According to your website, you describe yourselves as a "human rights movement."You proclaim: "We respect the human rights of everyone, regardless of race, tribe, religion, ethnicity, nationality, citizenship or language."And yet nowhere is there evidence of your respect for the human rights of Israelis, who've been the targets of massive human rights violations by Hamas and other terror groups operating freely in Gaza. Are human rights indivisible, or only permitted for the groups you preselect? Actually, you answer that question at a deeper level when you assert that: "We recognize the right of all Palestinian refugees and exiles and their heirs to return to their homes in Israel and the occupied Palestinian territories.... This is an individual and not a collective right, and cannot be negotiated except by the individual."In other words, not only do Israelis, who want nothing more than to live free of missile and mortar attacks from Gaza, have no such right, but the country in which they live has no right to exist. That's precisely what your formula means.
Why Does Israel Blockade Gaza? - Akiva Tor
Why does Israel maintain a blockade on Gaza and subject itself to international outcry? Simply put, we don't have much choice. After Hamas evicted the Palestinian Authority from Gaza in a bloody coup in 2007, rocket fire escalated, depopulating Israel's southern towns and kibbutzim. This forced us to supervise goods entering Gaza to prevent the import of rocket and munitions components. Eventually, we had to launch Operation Cast Lead to stop rocket attacks on our population. We now maintain a naval blockade in the hope that we won't have to fight again. Israel could invade Gaza and unseat Hamas by force, causing large casualties and much destruction in the process. Or Israel can isolate Hamas through a blockade until it changes its policies or is replaced by the Palestinian Authority. If we allow unfettered access to Gaza, it will become an Iranian-armed missile base on our doorstep, much as Lebanon has become under Hizbullah. Egypt's position does not differ greatly from our own. This is why we maintain a blockade. Our naval team, armed with paintball guns, planned to encounter political opponents, not a lynch mob armed with sharpened rods, knives and firebombs. The video evidence is unambiguous: When the force commander understood it was dead soldiers or bad PR, he made the only correct choice and authorized live fire. How did our intelligence fail? Maybe we read too many e-mails from peace activists. The moral selectivism of the Free Gaza Movement is troublesome. Why are they embracing Hamas - a movement that hates Jews, Christians, secular Muslims and any semblance of liberal values - rather than acting to strengthen the moderate Palestinian leadership? Where will their moral outrage be when a Scud missile shipped into Gaza lands in the center of Tel Aviv? The writer is the Israel consul general in San Francisco. (San Francisco Chronicle)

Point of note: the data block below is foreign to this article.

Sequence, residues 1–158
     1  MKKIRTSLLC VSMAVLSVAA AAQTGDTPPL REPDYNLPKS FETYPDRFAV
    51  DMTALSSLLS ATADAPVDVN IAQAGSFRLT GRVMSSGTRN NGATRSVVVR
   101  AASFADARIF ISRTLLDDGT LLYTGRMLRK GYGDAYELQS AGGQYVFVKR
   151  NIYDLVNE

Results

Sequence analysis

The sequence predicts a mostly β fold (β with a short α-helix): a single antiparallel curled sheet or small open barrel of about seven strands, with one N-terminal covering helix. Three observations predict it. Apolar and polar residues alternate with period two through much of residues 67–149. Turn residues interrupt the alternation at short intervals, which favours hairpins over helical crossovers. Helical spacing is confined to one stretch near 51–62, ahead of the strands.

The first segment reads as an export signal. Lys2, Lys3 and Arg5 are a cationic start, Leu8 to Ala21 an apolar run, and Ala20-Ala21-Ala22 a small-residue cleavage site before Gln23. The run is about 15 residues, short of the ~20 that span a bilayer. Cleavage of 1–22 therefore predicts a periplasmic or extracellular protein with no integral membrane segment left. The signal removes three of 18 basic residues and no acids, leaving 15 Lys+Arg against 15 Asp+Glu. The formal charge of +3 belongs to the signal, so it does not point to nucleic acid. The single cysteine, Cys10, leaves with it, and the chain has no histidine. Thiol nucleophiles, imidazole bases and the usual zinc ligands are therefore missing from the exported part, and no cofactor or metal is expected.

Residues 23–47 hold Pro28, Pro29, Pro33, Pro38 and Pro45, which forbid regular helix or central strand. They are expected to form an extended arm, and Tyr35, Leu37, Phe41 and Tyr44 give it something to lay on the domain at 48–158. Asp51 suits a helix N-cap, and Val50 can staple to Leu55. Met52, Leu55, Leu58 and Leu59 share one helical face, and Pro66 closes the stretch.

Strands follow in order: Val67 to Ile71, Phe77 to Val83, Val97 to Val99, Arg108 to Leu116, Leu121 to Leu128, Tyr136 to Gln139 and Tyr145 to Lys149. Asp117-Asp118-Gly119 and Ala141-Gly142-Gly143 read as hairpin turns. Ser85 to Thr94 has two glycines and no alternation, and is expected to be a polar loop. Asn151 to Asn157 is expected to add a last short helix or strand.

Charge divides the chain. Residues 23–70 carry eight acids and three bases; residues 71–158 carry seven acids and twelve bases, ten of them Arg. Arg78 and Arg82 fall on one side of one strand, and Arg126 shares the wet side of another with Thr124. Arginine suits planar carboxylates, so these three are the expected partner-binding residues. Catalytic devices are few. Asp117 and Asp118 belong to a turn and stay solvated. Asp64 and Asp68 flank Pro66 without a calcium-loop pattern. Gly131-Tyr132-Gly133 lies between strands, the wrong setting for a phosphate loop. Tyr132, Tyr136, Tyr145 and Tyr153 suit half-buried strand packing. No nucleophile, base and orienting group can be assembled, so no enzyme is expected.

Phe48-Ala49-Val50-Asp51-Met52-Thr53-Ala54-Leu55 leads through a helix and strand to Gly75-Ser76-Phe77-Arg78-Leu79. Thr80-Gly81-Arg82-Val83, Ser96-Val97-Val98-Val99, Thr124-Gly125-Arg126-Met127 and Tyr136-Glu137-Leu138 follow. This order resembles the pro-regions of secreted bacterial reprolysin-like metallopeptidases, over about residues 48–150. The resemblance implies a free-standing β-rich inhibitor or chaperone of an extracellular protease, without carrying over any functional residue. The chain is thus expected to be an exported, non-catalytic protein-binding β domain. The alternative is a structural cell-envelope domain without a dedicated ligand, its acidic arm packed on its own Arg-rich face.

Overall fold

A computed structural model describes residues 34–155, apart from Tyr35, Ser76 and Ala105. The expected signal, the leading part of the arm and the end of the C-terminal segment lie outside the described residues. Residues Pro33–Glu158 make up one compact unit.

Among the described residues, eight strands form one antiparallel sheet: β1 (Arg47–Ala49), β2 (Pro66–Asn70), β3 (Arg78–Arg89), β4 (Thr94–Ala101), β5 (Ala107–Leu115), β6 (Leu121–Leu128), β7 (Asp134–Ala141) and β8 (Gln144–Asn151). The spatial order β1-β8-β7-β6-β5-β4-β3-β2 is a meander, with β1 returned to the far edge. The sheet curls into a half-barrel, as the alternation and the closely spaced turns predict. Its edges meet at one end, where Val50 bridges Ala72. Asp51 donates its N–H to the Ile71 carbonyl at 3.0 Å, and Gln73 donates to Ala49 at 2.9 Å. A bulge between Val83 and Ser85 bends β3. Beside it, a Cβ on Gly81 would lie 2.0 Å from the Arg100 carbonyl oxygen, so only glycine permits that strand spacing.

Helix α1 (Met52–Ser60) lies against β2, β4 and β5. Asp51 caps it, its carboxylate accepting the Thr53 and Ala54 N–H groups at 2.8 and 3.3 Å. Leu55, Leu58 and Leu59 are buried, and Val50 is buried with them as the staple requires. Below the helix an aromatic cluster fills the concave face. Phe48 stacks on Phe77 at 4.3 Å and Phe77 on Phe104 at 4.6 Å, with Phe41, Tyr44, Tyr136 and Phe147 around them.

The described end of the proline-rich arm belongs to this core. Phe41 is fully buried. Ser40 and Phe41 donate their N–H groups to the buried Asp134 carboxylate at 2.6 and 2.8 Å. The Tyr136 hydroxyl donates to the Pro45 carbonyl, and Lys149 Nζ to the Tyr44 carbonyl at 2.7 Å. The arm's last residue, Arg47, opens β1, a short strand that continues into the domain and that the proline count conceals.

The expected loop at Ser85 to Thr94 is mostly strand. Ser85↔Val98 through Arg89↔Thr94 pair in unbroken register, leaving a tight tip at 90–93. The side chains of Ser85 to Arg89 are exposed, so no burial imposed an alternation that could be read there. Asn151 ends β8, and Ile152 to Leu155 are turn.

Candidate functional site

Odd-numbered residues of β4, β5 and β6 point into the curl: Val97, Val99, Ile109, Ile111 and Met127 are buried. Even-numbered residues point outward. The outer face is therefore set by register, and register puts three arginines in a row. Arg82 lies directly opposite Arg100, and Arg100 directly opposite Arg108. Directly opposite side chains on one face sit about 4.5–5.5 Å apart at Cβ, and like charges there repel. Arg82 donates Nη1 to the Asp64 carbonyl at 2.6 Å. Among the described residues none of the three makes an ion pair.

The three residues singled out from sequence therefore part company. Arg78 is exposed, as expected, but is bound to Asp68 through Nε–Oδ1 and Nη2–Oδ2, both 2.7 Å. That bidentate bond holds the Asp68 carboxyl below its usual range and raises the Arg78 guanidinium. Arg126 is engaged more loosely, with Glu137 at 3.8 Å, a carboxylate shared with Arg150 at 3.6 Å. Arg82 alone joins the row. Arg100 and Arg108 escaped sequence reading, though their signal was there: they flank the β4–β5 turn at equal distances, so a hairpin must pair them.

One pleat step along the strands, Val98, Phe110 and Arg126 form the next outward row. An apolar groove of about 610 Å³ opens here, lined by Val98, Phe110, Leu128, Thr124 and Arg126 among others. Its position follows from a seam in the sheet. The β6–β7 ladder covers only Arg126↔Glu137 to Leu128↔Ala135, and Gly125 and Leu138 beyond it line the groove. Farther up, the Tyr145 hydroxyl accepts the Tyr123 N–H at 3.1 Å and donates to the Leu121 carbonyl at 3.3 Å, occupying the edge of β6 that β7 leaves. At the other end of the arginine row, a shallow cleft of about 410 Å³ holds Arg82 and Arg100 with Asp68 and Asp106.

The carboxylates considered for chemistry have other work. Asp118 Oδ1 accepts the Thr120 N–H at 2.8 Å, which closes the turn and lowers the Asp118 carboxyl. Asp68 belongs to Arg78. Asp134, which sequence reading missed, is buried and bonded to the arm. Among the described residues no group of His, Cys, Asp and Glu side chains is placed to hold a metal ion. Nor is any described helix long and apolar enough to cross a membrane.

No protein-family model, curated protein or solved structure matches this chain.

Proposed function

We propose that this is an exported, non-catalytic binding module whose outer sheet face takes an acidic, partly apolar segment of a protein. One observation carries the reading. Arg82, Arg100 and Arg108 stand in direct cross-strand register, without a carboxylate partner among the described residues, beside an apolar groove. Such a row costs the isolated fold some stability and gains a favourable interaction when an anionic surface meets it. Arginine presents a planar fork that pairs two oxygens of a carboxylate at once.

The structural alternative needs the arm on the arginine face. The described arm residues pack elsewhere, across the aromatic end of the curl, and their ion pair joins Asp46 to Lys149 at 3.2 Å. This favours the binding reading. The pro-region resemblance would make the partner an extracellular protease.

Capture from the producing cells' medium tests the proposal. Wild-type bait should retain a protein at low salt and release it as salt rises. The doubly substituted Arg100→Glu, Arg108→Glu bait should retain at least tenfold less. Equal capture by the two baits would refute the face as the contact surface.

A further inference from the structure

An Assault, Cloaked in Peace - Michael B. Oren
PEACE activists are people who demonstrate nonviolently for peaceful co-existence and human rights. The mob that assaulted Israeli special forces on the deck of the Turkish ship Mavi Marmara on Monday was not motivated by peace. On the contrary, the religious extremists embedded among those on board were paid and equipped to attack Israelis — both by their own hands as well as by aiding Hamas — and to destroy any hope of peace.